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How to Hack Your Time Management
No matter what your professional role is, time management can be the difference between burnout and feeling personally and professionally satisfied. Contrary to popular belief, time management does not just involve the work day. In order to take full advantage of your time, you have to take inventory of all of the time in the day and optimize it for productivity. This article will explore several techniques for how to do just that, and in a manner that not only optimizes work output, but allows for relaxation and fun which are equally important.
The Return On Investment (ROI) Mindset
Essential to optimizing time management is thinking about time the same way we think about our investments. If it was possible to spend one hour now to save five minutes every day for the rest of your life, would you do it? You should, because in this example, there is a return on investment to that initial one hour outlay. While it may be difficult to set aside that first hour as a professional with a busy schedule, it will free up time for decades to come. With enough “time investments” like this, significantly more time can be spent doing meaningful, impactful tasks or enjoying your personal life.
Don’t Waste the Small Amounts of Time
Just about everyone can remember a time when they finished working on something a few minutes early before their next meeting and had nothing to do for 5-10 minutes. This time does not have to be wasted. I can guarantee there is something productive that can be done with that seemingly meaningless 5-10 minutes that will save you that time at the end of your work day when you want to go home. A great use of this time is for any kind of communication: checking emails, sending texts, etc. In fact, if you make a habit of using these small amounts of time to check communication channels, you will avoid distracting communications eating into valuable work time.
Eliminate Instant Gratification
Broadly put, most activities that entail instant gratification waste time. Hours upon hours of social media or addicting phone games take up your time without adding meaningful value to your life. Establishing limits for (or completely eliminating) some of these time wasting instant gratifiers can be incredibly impactful on your schedule, because many of these habits take up multiple hours of our days without us even realizing it. However, this is not to say, “never watch Netflix again.” The key to deciding which gratifiers to cut out is applying self awareness and asking yourself: “is this providing meaningful value to my life?” If not, get rid of it and use your time for something that does add value. The “Do Not Disturb” feature can be particularly helpful in silencing distracting notifications and channeling your focus. It takes the average adult a staggering 23 minutes to regain focus after a significant distraction!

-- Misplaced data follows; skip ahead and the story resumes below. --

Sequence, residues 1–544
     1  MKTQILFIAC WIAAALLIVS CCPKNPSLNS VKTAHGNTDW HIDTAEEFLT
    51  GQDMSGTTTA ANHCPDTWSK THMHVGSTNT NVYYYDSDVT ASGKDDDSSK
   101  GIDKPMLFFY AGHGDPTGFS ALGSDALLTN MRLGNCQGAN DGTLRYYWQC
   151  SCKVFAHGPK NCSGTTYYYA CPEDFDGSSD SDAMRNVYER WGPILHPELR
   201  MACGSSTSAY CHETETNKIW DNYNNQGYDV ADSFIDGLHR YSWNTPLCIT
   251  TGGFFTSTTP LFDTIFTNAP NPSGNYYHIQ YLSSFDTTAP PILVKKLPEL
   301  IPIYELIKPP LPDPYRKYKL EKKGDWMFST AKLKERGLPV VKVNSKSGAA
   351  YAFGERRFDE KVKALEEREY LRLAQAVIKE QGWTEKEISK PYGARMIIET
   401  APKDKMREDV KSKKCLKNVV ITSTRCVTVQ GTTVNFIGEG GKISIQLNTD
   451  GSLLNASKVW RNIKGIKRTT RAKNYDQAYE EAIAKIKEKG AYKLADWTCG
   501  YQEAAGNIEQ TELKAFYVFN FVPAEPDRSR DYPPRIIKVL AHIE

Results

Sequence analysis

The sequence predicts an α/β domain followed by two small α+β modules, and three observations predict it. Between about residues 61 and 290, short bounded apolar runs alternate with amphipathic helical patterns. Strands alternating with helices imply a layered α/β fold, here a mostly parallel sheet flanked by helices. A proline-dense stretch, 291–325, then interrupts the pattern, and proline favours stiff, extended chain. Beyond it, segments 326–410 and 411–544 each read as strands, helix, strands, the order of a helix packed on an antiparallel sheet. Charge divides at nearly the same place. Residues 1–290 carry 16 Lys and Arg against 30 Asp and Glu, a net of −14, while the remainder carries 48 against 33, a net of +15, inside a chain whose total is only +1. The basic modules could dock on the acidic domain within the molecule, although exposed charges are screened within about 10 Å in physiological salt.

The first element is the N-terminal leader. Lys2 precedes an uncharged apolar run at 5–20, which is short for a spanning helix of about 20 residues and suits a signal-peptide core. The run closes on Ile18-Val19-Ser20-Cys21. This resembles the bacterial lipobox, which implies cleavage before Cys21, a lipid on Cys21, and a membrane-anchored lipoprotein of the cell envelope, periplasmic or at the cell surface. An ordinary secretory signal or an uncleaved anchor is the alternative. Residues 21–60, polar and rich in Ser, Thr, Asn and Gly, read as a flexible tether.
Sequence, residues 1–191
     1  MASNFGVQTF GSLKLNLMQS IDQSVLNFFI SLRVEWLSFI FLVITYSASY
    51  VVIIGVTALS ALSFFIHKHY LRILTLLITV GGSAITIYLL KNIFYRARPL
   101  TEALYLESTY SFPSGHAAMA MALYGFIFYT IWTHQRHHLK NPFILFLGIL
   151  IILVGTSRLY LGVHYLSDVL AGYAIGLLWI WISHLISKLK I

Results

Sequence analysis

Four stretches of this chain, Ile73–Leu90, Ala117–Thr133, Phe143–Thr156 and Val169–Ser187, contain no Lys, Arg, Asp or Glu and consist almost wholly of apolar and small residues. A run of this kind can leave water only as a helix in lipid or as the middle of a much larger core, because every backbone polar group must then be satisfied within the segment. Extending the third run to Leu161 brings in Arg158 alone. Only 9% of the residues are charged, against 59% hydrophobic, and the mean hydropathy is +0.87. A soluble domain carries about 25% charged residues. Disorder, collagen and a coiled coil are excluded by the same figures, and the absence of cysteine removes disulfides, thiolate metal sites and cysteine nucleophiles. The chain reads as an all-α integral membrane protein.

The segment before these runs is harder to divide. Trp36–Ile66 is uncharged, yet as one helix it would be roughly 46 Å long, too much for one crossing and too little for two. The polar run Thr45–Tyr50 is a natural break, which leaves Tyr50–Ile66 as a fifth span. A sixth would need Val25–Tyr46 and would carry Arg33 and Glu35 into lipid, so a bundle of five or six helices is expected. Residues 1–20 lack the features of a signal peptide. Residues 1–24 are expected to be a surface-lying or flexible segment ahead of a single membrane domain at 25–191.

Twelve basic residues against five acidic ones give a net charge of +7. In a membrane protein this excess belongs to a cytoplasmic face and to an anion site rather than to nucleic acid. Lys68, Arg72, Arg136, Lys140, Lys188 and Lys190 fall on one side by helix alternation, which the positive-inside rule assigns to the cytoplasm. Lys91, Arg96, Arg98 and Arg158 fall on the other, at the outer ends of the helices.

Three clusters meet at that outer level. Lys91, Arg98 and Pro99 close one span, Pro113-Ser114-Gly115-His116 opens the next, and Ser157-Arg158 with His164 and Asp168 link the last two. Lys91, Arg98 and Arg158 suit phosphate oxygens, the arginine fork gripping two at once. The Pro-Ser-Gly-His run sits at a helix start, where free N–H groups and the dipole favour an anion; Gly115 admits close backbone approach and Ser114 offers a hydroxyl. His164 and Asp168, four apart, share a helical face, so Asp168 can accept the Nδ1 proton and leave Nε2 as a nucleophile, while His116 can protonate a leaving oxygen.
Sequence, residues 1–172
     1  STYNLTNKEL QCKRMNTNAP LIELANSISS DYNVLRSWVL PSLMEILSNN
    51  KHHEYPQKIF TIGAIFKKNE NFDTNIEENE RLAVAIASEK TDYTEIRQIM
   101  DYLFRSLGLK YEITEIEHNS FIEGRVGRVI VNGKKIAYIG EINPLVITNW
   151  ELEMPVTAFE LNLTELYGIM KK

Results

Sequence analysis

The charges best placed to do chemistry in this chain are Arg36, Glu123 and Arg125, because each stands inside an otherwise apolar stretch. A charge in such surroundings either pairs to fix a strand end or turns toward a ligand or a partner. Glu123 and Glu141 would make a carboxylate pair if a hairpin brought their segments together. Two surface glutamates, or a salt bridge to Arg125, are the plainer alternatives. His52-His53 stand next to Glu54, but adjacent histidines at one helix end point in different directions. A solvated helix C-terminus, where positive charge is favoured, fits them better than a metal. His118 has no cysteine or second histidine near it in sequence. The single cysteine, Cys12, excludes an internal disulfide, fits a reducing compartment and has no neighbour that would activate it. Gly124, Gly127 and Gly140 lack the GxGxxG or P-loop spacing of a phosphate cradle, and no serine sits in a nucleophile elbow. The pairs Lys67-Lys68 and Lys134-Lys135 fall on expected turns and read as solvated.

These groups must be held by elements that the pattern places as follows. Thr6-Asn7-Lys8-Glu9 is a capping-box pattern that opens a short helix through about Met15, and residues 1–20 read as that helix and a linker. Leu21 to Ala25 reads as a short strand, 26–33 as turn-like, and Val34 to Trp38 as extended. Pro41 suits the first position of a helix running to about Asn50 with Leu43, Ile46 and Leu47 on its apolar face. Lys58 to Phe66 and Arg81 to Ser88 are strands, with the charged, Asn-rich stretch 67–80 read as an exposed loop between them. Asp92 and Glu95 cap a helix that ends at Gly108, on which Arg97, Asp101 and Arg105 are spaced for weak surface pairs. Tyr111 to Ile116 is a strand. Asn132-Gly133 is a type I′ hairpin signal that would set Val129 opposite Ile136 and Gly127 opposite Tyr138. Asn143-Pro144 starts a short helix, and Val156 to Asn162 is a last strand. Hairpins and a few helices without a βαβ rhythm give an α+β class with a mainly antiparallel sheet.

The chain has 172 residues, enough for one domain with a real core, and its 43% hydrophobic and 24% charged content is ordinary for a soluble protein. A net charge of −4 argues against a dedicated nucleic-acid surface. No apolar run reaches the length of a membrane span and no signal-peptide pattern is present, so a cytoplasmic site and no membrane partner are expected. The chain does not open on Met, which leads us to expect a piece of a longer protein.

Some of us are control freaks. We feel like we have to do tasks ourselves in order for it to be done right. Don’t let this be you! Training a team member on how to complete a task the right way so that you no longer have to do it for them has a high time ROI. Sometimes the team member does not even need the training; you just need to learn to let go of control. This is especially important as an entrepreneur trying to scale a venture. At a company’s beginning the CEO has all of the responsibility, but over time the CEO must give up many of their initial responsibilities for the venture to successfully scale. The CEO’s time is best utilized making decisions that move the business forward.
Be Proactive and Opportunistic
Getting into the mindset that tasks are better completed immediately than at an indeterminate point in the future can solve a plethora of time management issues. Firstly, proactively completing tasks ensures that you don’t have to complete tasks at the last second before they are due, which will in turn improve the quality of the work and alleviate your future self’s stress levels. Secondly, another reason being proactive often leads to higher quality work is that completing the base task ahead of time gives you more time to take your project to the next level. For example, say you are an entrepreneur who finished composing your pitch deck a week before the big demo day at the accelerator program you are in. Now you have time to add appendix slides so that when investors ask a question that is not covered in the base slide deck, you have a slide to refer to, making you look extra prepared and professional. You would not have had this luxury if you started the pitch deck the night before.
One way to promote proactivity is to wake up early. Using the same logic as above, by front-loading your day, you are likely to get more done. However, it is important not to burn the candle from both ends because a significant loss of sleep will harm your productivity the next day. Ultimately, the goal should be to identify when you work best, ensure that you are set up to work at that time of the day, and maintain a consistent work/sleep schedule.
Another way to promote proactivity is to be opportunistic. Maybe your accelerator’s demo day is in a month, but for some reason you can’t stop thinking about ideas for your pitch deck and you feel compelled to work on it. If you have the time, do it now! We are generally most productive when we are feeling passionate about a topic in the moment and when ideas are rapidly coming to mind.
Minimize Meetings Whenever Possible
Meetings are not always the most productive way to collaborate on a project. Meetings are often not only unnecessary, but they can waste extra time because people feel as though they must fill the meeting with an hour worth of discussion if the meeting was originally scheduled for an hour. If an email or text could communicate your message just as well, forgo scheduling a meeting and save that time for a task that adds more value to the project. Meetings are best used to discuss and solve problems that are getting in the way of progress.